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The first symptom of IJO is usually pain that occurs in the lower back, hips, and feet. This pain is often accompanied by difficulty walking. There may also be knee and ankle pain and fractures of the lower extremities. There may also be some physical malformations present, such as loss of height, a sunken chest, abnormal curvature of the upper spine, kyphosis, or a limp. If you notice your child is experiencing any one or more of these symptoms, you must tell their doctor right away so they can start treatment if necessary.

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3. There’s more to know about Idiopathic Juvenile Osteoporosis. 

After the IJO has run its course, the physical malformations are sometimes reversible. There is no medical or surgical therapy for juvenile osteoporosis. However, there may be no need for treatment because the condition usually goes away spontaneously in some cases. Early diagnosis is still important, though. That way, you can take steps to protect the child’s spine and other bones from fracture and breakage until they are in remission. Doctors may recommend some physical therapy. Other things might include using crutches, avoiding dangerous weight-bearing activities, as well as other supportive care.

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A well-balanced diet rich in vitamin D and calcium is also vital for children. In severe, long-lasting cases of juvenile osteoporosis, doctors gave children some medications called bisphosphonates experimentally. Today, experts approve them for the treatment of adults with osteoporosis. However, most children experience a complete recovery of the bone tissue lost. Although you have impaired growth during the acute phase of the disorder, normal growth resumes, and afterward, catch-up growth often occurs. Unfortunately, in some severe cases, IJO can result in a permanent disability, such as a collapse of the upper spine’s rib cage or curvature.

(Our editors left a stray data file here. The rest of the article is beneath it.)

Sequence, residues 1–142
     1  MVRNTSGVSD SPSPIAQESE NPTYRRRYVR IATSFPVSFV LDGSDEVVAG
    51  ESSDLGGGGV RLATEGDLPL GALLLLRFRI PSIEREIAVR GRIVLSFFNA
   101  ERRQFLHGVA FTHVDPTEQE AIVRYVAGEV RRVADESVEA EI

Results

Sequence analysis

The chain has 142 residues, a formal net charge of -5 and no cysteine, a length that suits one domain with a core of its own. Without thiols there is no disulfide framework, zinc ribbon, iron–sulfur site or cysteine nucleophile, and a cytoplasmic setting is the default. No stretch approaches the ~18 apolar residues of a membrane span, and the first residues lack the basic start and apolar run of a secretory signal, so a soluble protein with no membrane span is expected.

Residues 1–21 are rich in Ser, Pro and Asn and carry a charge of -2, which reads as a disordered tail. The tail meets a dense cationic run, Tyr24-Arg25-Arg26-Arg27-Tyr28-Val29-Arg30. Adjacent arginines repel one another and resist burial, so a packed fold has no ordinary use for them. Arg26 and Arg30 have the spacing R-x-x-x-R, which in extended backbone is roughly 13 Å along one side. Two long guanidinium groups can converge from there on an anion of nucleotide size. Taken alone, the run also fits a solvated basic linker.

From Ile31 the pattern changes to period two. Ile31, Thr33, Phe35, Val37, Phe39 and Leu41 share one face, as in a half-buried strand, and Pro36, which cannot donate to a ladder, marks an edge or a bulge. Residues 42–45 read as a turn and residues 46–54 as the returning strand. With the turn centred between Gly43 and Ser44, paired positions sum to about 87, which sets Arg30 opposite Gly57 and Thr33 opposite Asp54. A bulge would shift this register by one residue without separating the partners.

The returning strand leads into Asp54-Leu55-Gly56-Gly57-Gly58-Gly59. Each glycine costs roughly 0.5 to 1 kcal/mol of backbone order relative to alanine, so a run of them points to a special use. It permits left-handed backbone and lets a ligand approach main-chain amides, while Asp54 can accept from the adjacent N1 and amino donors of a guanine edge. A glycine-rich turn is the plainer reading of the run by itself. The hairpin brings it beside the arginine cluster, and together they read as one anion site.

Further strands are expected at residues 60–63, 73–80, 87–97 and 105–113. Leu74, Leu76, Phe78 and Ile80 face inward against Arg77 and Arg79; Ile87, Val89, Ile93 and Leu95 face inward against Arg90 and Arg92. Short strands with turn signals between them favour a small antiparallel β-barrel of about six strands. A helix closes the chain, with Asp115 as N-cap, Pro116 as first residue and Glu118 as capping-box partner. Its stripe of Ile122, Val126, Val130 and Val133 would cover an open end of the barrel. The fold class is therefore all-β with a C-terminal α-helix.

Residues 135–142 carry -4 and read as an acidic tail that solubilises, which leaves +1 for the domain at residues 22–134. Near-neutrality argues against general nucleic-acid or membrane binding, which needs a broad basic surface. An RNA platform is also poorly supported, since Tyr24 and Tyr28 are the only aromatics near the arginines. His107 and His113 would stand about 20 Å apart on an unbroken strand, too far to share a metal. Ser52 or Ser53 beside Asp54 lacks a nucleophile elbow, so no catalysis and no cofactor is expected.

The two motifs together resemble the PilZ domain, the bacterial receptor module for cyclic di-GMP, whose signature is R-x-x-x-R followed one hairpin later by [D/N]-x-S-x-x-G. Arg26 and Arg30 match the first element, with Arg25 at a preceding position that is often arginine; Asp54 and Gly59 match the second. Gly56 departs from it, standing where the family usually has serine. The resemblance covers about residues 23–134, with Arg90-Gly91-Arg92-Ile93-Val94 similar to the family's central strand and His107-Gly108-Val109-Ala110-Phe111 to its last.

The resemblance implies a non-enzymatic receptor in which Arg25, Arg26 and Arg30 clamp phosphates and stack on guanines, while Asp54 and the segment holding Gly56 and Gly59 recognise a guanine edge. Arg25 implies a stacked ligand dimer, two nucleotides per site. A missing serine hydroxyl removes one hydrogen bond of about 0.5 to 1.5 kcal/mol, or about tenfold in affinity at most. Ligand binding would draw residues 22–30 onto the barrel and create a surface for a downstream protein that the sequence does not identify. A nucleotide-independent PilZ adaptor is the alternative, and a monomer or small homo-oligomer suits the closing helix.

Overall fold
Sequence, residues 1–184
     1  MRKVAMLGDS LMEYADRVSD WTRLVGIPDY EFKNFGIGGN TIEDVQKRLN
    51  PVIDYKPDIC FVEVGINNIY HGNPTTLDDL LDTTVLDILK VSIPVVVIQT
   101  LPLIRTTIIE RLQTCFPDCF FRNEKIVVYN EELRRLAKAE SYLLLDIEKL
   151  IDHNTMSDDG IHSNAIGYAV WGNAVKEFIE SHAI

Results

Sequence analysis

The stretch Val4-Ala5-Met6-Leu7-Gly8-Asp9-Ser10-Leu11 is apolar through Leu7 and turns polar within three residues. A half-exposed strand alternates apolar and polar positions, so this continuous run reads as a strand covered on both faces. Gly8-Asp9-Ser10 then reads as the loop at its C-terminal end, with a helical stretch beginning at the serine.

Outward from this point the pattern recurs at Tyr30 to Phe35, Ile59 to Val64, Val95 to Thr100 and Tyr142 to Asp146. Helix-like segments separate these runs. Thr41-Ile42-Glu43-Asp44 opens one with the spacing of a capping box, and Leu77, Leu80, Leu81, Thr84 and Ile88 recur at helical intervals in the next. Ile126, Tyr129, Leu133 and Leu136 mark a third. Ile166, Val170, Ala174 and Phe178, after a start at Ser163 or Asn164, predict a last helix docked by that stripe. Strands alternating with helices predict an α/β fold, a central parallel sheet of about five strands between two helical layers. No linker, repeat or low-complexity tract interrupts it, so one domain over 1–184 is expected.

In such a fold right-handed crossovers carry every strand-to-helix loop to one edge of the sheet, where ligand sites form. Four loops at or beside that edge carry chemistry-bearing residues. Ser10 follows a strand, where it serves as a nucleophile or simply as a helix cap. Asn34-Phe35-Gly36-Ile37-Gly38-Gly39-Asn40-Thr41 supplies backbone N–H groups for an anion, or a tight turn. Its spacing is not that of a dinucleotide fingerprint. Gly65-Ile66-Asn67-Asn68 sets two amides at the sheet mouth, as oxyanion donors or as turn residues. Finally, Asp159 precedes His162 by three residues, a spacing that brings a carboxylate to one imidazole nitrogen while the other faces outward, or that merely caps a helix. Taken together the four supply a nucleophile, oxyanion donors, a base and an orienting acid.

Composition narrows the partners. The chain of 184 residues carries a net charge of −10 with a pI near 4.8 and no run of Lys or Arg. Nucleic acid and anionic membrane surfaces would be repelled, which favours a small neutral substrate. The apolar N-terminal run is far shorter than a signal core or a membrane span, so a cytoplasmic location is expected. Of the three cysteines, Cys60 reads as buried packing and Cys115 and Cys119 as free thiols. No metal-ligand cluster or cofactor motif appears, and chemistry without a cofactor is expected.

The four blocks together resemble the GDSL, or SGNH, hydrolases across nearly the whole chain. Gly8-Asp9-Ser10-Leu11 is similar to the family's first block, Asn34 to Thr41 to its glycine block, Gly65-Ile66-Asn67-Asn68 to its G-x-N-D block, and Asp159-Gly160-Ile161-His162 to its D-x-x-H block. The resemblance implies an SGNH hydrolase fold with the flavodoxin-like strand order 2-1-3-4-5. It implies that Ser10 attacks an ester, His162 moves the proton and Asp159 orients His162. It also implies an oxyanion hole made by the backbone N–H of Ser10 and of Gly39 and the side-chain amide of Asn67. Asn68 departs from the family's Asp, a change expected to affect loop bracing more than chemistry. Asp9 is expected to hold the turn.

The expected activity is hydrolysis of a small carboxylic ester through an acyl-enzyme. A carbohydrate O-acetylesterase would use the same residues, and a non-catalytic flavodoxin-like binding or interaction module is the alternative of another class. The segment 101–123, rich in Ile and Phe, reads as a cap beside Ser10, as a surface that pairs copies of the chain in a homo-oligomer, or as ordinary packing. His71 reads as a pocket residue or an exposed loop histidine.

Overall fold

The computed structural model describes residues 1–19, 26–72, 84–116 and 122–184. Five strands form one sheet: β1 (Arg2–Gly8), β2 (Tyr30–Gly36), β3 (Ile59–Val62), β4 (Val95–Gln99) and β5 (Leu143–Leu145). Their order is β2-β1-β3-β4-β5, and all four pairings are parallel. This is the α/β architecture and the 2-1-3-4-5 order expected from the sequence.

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2. Medications to help treat osteoporosis can come with side effects of their own. 

Depending on an individual’s situation, a doctor will recommend specific treatments to help treat their osteoporosis. Treatments for osteoporosis are taken to help reduce the risk of fractured or broken bones and are becoming increasingly prescribed for people with a high risk of fracture or bone breakage. Although these medications may reduce the risk of broken bones in people with osteoporosis, those same medications can also cause side effects in some people. However, these side effects would depend on a lot of different factors.

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Some of the bisphosphonate tablets can cause inflammation to the food pipe, known as the oesophagus. Also, you can experience a sore throat, swallowing difficulties, chest pain, and musculoskeletal pain. Sometimes injectable bisphosphonates cause flu-like symptoms for a few days. Raloxifene, or evista and strontium ranelate, or protelos can slightly increase the risk of blood clots. To help reduce the risk of side effects with these medications, there are strict instructions regarding how the bisphosphonate tablets are to be taken. Furthermore, it is vital to follow strict instructions. 

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1. Doctors are continually developing new treatments. 

Scientists are continually developing new treatments that would help treat osteoporosis, and many are currently undergoing testing. Some of those treatments include anti-RANK ligand antibodies, such as denosumab. They affect bone breakdown by inhibiting a local hormone called RANK ligand, which affects the control of bone turnover. There is other research, which is examining growth hormones, and the role played by genes, and existing drugs are also being updated and improved. For example, Ibandronate or Bonviva is available as an intravenous injection, but it’s also available in a tablet.

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Many doctors will know about new treatments that are becoming more available to the public. If you want to know about something new, or have any questions about the one you may have already heard about, ask your doctor. They may have some suggestions on what to try to help treat your osteoporosis. Who knows, you might be able to help out with research in the future. Sometimes patients are asked to help participate in studies to help find new treatments that work best for others with similar illnesses as yourself.